Researchers at the Lomonosov Moscow State University’s faculty of physics have developed a new method of using a laser to manipulate microparticles at the solid-liquid interface of water. The research has been published in Scientific Reports and has led to the method being used for applications such as surface-cleaning and marking.
Olga Vinogradova, a professor at the faculty of physics, and Salim Maduar, a junior researcher of her group, which in turn is part of an international scientific team, suggested the method, which uses laser light to indirectly move particles over a surface.
For the method, a photoresponsive surfactant is added to water and illuminated with laser light, which causes fast waterflows of moving particles to be formed. In doing this it is possible to manipulate groups of particles in the waterflows, enabling applications such as the cleaning of contaminated surfaces without causing any damage.
The conformation of the photosensitive surfactant changes when illuminated by light of a certain wavelength. The molecules inside the light spot of the laser change, generating concentration gradients of ‘rod’ and ‘tick’ shapes. These concentration gradients near charged solid-liquid interfaces lead to the phenomenon ‘diffusio-osmotic flow’ which is what enables the particles to be manipulated at the interface.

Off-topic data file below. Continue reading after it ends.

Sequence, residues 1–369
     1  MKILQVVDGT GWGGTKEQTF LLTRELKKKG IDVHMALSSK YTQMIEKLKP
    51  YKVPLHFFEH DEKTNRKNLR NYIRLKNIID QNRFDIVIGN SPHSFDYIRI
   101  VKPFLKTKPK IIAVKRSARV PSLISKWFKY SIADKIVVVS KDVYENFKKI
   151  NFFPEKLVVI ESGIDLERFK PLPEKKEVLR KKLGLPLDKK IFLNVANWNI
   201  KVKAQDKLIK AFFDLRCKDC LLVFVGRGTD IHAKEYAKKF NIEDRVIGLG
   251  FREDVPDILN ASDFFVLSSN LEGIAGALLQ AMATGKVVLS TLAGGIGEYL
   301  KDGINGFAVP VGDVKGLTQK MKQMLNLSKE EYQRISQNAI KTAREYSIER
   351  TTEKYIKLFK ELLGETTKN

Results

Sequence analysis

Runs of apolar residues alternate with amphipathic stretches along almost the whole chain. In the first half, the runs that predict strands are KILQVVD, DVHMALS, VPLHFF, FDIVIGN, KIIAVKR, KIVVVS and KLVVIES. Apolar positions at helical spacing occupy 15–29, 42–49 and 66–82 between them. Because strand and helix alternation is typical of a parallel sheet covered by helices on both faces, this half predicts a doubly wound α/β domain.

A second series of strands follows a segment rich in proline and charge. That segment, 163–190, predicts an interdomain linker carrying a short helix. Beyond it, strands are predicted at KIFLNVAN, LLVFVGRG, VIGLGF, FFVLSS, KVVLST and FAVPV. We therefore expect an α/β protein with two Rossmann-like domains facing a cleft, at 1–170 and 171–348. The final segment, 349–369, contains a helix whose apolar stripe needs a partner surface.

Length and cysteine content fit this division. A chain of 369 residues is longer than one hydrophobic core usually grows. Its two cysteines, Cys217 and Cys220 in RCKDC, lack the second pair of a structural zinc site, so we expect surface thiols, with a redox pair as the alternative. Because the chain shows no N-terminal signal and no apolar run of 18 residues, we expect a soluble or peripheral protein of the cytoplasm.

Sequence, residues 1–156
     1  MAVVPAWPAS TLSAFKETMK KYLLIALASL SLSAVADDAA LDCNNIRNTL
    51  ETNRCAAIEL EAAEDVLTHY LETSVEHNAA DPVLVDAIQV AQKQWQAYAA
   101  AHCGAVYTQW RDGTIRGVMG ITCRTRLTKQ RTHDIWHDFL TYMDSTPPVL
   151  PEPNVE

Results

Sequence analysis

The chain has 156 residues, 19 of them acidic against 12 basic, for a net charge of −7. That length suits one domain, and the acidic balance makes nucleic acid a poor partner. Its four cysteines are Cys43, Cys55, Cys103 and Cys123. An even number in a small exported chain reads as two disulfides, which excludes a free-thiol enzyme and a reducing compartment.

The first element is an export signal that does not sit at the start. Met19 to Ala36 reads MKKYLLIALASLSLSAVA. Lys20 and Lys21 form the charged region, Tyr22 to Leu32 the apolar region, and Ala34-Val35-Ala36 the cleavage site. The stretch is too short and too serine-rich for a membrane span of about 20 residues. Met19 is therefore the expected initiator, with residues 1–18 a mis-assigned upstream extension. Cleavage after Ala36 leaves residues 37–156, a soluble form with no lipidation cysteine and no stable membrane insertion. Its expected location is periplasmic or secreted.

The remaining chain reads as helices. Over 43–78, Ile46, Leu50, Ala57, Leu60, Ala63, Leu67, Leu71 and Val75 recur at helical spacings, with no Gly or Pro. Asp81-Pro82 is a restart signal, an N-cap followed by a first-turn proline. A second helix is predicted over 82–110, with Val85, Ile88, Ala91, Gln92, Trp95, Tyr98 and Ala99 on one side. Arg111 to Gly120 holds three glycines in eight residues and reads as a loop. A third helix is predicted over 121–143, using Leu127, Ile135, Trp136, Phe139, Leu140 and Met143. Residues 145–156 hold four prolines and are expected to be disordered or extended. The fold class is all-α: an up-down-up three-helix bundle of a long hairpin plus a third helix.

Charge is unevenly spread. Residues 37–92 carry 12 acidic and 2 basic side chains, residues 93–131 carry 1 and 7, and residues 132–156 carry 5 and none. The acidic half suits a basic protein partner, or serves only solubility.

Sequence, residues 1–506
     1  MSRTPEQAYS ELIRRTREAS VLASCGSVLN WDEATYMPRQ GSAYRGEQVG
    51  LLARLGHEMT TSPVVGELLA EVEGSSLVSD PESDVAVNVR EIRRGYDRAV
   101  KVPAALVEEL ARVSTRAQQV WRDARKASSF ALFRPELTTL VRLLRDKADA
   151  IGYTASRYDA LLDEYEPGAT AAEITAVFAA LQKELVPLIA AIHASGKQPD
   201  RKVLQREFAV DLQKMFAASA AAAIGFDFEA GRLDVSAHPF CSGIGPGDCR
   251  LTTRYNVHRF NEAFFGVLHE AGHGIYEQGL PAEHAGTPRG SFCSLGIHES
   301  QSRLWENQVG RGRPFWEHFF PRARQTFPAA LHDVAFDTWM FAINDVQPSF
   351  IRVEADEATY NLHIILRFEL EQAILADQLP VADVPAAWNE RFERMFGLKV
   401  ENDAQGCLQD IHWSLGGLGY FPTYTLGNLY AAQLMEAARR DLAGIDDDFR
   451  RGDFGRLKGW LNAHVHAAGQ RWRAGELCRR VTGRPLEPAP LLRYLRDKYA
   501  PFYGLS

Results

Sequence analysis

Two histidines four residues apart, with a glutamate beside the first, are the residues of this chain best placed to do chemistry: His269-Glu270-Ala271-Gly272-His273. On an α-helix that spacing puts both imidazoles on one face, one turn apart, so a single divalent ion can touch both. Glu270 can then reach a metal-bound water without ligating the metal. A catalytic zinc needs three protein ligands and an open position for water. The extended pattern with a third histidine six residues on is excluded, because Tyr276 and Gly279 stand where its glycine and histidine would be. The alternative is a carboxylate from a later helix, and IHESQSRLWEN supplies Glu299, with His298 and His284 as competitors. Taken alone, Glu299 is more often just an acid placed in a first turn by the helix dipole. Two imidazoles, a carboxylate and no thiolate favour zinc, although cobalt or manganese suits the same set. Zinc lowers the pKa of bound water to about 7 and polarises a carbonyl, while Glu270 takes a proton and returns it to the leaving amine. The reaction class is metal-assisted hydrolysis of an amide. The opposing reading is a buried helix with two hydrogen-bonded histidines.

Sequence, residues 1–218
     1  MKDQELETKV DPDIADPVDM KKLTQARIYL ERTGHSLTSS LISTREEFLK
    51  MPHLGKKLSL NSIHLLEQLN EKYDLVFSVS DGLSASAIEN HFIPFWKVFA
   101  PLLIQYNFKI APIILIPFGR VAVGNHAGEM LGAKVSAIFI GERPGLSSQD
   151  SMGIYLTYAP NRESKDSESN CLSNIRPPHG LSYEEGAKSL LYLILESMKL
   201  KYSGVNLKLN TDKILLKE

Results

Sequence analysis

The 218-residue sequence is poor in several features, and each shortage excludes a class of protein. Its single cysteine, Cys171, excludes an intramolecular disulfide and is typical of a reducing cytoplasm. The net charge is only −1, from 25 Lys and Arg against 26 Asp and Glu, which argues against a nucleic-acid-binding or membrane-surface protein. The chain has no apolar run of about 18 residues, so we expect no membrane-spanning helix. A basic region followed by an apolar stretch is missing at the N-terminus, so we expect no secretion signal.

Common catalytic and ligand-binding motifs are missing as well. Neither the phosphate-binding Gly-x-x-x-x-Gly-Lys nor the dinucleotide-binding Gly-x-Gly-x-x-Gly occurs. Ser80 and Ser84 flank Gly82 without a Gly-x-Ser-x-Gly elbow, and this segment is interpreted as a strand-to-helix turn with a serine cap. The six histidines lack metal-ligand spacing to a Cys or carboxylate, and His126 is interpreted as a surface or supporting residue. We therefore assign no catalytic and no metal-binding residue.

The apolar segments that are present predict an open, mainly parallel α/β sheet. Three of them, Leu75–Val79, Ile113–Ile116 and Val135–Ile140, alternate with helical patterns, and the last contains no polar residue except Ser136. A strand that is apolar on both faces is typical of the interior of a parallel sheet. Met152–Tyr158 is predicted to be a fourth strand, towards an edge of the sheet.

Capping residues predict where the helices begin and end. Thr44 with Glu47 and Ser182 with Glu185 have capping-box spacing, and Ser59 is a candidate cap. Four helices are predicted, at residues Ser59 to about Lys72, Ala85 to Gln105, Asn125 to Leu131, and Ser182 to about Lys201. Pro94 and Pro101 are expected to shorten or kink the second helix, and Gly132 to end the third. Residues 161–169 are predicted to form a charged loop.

The Moscow physicists showed that by using certain wavelengths, they can move surface particles in certain directions, either to move them out from the light spot or gather them towards its centre. Describing the system theoretically has revealed that the velocity of the diffusio-osmotic flow is increased several times if pure water is used instead of salty water.
In developing the new method for the soft cleaning of surfaces such as semiconducting crystals for microelectronics, the researchers found that it could also be used for several additional applications. By moving the laser spot the scientists were able to ‘draw’ on the surfaces, as the laser leaves a visible trace with enhanced or decreased concentrations of microparticles. In the original article, the authors provided photos and videos showing logos being made from microparticles by moving a laser spot across the solid-liquid interface.